When I heard of the biggest fire disaster in Bumthang Chamkhar this morning it broke my heart, because I truly know the pain of being homeless at the face of approaching winter. It is sad to share that disaster has just begun for them, what follows after today will devastate many families. In building my village back we saw lots of deaths, which were the aftermath of the fire. It became impossible to get manpower and cost of material and labor shot record high. It took us over five years to get back into the warmth of our homes despite the generous help from the throne. And just when we had our home back my tired stepfather gave up on his life. Eight years on, we still have a few families hoping to get their house roofed.
Photo by Kesang Tshering, Kuensel.

With already high demand for construction labor across the country I can’t imagine how long it would take for the many victims to have their homes back. For now it is very inspiring to see how quickly government reacted in dealing with the disaster. In few years time they will have new homes but what they lost today would go on to change the course of their lives. I only wish them hope and courage to go on.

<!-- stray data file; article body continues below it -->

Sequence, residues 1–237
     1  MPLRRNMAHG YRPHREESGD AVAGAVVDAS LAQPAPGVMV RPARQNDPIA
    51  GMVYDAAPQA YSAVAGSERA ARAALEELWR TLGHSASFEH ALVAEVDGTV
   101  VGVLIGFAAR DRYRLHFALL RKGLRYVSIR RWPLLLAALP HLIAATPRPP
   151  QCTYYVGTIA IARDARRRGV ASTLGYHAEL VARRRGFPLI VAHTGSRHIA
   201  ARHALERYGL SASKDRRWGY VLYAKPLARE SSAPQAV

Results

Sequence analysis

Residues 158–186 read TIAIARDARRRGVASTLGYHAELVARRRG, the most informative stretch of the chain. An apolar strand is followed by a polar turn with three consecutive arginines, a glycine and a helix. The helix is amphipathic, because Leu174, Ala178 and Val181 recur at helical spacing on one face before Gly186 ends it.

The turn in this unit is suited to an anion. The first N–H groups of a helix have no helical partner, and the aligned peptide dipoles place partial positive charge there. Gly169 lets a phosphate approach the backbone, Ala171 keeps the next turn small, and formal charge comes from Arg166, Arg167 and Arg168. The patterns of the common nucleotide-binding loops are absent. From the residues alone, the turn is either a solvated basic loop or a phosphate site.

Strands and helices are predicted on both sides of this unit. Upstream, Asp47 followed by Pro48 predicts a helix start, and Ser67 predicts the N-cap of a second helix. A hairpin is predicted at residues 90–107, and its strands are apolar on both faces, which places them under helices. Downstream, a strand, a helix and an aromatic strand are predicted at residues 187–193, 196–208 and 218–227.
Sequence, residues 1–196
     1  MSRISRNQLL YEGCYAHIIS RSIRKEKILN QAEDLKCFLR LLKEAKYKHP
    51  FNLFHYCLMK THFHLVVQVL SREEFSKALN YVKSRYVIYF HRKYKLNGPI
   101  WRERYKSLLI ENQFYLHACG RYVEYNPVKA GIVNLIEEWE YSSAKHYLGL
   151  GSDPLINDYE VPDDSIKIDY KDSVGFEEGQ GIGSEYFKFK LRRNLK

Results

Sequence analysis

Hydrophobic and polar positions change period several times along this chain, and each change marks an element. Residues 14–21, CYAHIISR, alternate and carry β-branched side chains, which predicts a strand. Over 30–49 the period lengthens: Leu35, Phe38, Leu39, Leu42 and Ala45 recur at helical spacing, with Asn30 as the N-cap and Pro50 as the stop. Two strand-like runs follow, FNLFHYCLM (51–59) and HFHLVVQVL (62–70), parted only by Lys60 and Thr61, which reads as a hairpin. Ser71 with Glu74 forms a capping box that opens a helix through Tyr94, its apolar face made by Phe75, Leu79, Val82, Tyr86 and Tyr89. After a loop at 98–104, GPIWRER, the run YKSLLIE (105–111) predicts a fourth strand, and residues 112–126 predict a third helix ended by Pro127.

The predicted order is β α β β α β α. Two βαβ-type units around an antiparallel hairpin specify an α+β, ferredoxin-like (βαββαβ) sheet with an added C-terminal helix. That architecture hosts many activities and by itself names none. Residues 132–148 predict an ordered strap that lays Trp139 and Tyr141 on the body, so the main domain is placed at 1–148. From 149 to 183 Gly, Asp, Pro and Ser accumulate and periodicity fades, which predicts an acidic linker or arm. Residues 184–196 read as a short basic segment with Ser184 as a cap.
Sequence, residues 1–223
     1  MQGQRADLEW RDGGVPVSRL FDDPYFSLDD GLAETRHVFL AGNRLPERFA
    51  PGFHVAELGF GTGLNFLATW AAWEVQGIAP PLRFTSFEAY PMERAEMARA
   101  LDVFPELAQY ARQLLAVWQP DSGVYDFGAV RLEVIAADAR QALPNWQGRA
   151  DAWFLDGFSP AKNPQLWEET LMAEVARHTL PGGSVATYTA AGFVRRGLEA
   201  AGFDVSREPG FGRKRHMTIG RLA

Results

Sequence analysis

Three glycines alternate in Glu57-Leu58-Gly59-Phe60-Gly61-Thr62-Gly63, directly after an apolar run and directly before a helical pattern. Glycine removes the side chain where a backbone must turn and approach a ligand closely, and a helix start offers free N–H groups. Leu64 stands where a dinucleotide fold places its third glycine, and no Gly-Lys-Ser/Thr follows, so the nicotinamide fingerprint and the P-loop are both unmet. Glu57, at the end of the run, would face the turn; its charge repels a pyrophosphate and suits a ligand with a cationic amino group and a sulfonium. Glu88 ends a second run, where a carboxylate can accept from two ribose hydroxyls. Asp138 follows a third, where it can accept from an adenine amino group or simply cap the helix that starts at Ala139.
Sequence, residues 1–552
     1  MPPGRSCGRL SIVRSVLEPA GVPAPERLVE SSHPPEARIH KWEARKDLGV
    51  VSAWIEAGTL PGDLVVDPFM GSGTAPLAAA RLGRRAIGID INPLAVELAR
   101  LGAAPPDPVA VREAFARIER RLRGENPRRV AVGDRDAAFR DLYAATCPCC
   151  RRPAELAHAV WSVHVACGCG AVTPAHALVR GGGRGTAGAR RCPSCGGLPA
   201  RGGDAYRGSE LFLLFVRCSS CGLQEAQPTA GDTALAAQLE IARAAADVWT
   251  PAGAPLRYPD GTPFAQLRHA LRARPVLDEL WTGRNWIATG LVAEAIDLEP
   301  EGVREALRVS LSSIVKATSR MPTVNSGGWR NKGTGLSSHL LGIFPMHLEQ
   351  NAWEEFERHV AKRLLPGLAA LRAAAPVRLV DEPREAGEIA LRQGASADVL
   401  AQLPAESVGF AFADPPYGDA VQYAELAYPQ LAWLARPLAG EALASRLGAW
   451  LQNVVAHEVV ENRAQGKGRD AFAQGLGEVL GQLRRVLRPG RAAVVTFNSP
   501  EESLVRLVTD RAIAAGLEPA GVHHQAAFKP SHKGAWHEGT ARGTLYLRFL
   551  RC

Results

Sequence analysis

11 July 2010

Home Going

Yangthang in snow, Dec 2009

Hurray… I am going home. There is no greater feeling. One thing I hate about having a job is not getting to stay where you belong. But thank god I am a teacher that I get regular vacations. The studently excitement of mid term break and winter vacation die hard and thankfully the right to them is intact in my case.

Over the years everything changed; I have no friends in the village, kids there don’t know me, old people hardly recognize me, even the village itself is unwelcoming after its rebirth from the ashes of February 2002, and at times I get a feeling that I no more belong there. But someone there remained unchanged ever since I could remember, my mother, for whom my heart is fully inclined. She always awaits my arrival at this time of the year, perhaps for the last eighteen years. Today mobile phone keeps us almost together though but home going is something so special that I can never misplace it in the chaos of time and change.